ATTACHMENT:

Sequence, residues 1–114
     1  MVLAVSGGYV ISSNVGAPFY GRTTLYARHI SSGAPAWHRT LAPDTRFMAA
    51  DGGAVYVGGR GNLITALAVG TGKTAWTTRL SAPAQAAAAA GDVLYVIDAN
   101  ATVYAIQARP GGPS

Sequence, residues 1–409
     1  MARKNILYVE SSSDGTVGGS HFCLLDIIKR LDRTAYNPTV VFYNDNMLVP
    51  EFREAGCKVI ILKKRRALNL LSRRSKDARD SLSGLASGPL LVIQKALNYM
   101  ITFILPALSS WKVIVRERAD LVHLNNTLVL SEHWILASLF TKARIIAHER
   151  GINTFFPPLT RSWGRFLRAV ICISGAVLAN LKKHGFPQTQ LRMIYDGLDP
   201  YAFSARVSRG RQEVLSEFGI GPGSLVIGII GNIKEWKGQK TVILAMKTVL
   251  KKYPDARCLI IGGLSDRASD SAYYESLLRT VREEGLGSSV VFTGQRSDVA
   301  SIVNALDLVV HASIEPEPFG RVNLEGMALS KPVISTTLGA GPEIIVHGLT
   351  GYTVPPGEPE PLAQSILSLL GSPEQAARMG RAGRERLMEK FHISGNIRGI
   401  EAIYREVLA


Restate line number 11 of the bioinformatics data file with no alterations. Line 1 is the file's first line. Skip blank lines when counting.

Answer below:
   251  KKYPDARCLI IGGLSDRASD SAYYESLLRT VREEGLGSSV VFTGQRSDVA